The fall and fall and fall of


By Max Lane

The March issue of Australian Left Review is the magazine's last. The magazine was published for many years by the Communist Party. When that party dissolved, some ex-members backed ALR financially. According to editor David Burchell, these backers were no longer willing to continue bankrolling the magazine. Burchell says they were never really sympathetic to its new direction, although they never tried to develop an alternative direction either.

It needs to be asked, however, why ALR couldn't build the kind of loyal readership that might have sustained it. My answer to this is quite simple: it was too boring. Boring not simply in its layout and style, but in its politics.

Amazingly, in his final editorial column, Burchell claims to have "put the cat among the pigeons". ALR, according to Burchell, stirred things up among the sclerotic left. This is the opposite of the truth. ALR's whole approach made it impossible to stir up anything. It was too divorced from the serious concerns of people as to how to change the way things are.

This divorce is clearly manifested in Burchell's final editorial contemplation of ALR's navel. He maintains that there is no real differentiation in politics. Not only were the specific left-right cleavages of the old parties of the left and of labour movement factionalism irrelevant, but so too was "the old Right/Left demarcation of politics generally". He quotes approvingly the idea, "good ideas and interesting people have no necessary political belonging".

And so, ALR "broadened" itself to include interviews with such "interesting" people as John Howard. "Left" was not to remain even in its name: in December, it announced a competition to invent a new name that the magazine's initials might refer to. The winning entry, a victory for understatement, was "A Little Revisionism".

But if "good ideas and interesting people" — what Burchell thinks ALR added up to — have no connection with political divisions, then they are irrelevant to any struggle for change. Right and left, the cleavage of society into different parts, is a function of that struggle. The pseudo-"alternative" end-of-ideology position advocated by ALR split it away from real life.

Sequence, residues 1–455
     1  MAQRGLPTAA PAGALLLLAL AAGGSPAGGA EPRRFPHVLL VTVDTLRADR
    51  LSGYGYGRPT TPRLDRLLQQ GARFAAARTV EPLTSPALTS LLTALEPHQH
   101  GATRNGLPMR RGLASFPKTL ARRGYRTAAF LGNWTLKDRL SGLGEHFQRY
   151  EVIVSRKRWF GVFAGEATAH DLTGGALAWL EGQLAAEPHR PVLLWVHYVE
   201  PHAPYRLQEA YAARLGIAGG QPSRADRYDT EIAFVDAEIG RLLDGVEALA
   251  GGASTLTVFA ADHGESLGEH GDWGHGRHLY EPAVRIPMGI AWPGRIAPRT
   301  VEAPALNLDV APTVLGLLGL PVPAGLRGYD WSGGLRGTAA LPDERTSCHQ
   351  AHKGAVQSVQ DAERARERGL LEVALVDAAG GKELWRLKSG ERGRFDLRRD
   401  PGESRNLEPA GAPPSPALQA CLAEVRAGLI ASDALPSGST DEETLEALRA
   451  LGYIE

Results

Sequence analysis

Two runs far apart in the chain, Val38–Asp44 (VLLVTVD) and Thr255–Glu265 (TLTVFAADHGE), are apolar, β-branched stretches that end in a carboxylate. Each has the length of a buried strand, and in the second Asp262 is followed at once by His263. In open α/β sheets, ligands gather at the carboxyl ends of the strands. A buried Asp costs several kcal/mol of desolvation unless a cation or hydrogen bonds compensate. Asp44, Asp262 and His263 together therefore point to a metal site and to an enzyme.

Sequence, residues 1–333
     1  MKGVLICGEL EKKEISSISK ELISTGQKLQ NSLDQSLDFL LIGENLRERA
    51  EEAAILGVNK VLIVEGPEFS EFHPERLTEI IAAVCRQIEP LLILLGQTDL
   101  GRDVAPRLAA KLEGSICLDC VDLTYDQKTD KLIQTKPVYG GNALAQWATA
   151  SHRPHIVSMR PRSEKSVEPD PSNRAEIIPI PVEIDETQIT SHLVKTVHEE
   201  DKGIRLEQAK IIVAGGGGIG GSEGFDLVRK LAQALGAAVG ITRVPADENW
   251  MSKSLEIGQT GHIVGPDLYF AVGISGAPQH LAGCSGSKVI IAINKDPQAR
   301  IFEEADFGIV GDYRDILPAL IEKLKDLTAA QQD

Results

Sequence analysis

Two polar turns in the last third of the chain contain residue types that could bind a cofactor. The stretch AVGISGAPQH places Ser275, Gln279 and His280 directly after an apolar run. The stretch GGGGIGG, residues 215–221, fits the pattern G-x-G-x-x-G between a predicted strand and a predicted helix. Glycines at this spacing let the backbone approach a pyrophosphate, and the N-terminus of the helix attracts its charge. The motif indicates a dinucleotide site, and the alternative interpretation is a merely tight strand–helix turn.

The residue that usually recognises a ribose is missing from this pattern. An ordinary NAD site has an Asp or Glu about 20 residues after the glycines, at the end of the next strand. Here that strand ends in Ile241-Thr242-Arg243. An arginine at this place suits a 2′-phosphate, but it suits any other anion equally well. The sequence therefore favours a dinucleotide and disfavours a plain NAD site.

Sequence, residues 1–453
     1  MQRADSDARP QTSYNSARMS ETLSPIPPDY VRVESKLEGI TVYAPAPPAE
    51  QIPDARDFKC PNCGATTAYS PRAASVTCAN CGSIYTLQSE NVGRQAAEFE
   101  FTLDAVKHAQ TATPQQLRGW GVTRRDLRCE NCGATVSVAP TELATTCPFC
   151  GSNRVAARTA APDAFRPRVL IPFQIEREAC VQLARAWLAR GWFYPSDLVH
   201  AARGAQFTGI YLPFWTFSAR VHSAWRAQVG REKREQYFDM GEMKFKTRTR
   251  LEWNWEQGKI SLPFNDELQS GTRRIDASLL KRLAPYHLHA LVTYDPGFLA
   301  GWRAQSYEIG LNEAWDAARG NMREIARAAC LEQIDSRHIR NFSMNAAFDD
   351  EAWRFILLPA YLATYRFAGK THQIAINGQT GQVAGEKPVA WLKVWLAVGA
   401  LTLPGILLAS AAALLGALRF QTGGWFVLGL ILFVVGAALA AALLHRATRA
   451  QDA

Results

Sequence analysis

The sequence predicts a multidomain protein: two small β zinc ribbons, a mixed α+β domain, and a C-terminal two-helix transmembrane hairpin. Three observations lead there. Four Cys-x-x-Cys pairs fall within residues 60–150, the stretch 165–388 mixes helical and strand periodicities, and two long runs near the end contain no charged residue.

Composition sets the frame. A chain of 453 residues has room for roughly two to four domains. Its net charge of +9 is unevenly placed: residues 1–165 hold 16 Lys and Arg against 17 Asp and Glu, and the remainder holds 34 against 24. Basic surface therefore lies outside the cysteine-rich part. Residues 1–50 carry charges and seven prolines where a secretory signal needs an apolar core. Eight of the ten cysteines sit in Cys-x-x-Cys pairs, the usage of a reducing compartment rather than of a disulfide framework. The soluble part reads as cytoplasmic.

Anticipating some criticism from the left, Burchell attempts a defence based on the idea: "But deep down we all knew [ALR's critics] had no better idea of what was 'really' Left nowadays than anyone else". The boldness to propagate such an enormous lie comes from its single grain of truth: things change.

Yes, the language, axis and other specifics of struggle constantly take on new forms. But struggle against the myriad forms of oppression and economic exploitation springing from class society continues as

The oppression of women, of gays and lesbians, of sexuality itself, of blacks and other indigenous people; the subordination of the natural world, in ignorance and defiance of the laws of nature, to the search for greater and greater profit; the condemnation of the vast mass of people in Australia and the other rich countries to spend their lives with less and less to sustain their existence outside work and with no purpose to their work other than enriching those at the top of the social pyramid; the millions upon millions in the poor part of the world condemned to live in conditions of barbarism or near barbarism: how can you be aware of all this and still not know what "left" is? How can you know all of this and say that "good ideas and interesting people have no necessary political belonging"?

Very few people really think like this — as Burchell in fact acknowledges when he defines the ALR audience: "an intelligent lay audience ... people with a little time to think, a taste for political broadmindedness and a talent for spotting a good thing even in fairly shoddy packaging". It is clear who Burchell is describing here: armchair social "meditators". Fortunately perhaps for Australia, but unfortunately for ALR, "this was a pretty limited audience".

ALR's overall approach was boring because it was empty. In the midst of the struggles, sufferings, contradictions, defeats and victories of a world crying out for a commitment to change it, ALR pretended to be serious about ideas without being serious about reality.

As Burchell says in the final paragraph of his comments, "Projects come and go, ideas are often ephemeral, and the power of organisation isn't what it used to be." Oh well, I wonder what "project" might arrive next.

Unfortunately, the occasional serious article in ALR couldn't counterbalance the dilettante approach on which it was based. But in one matter we can take Burchell's evaluation for good coin: the demise of ALR is no loss to the left.

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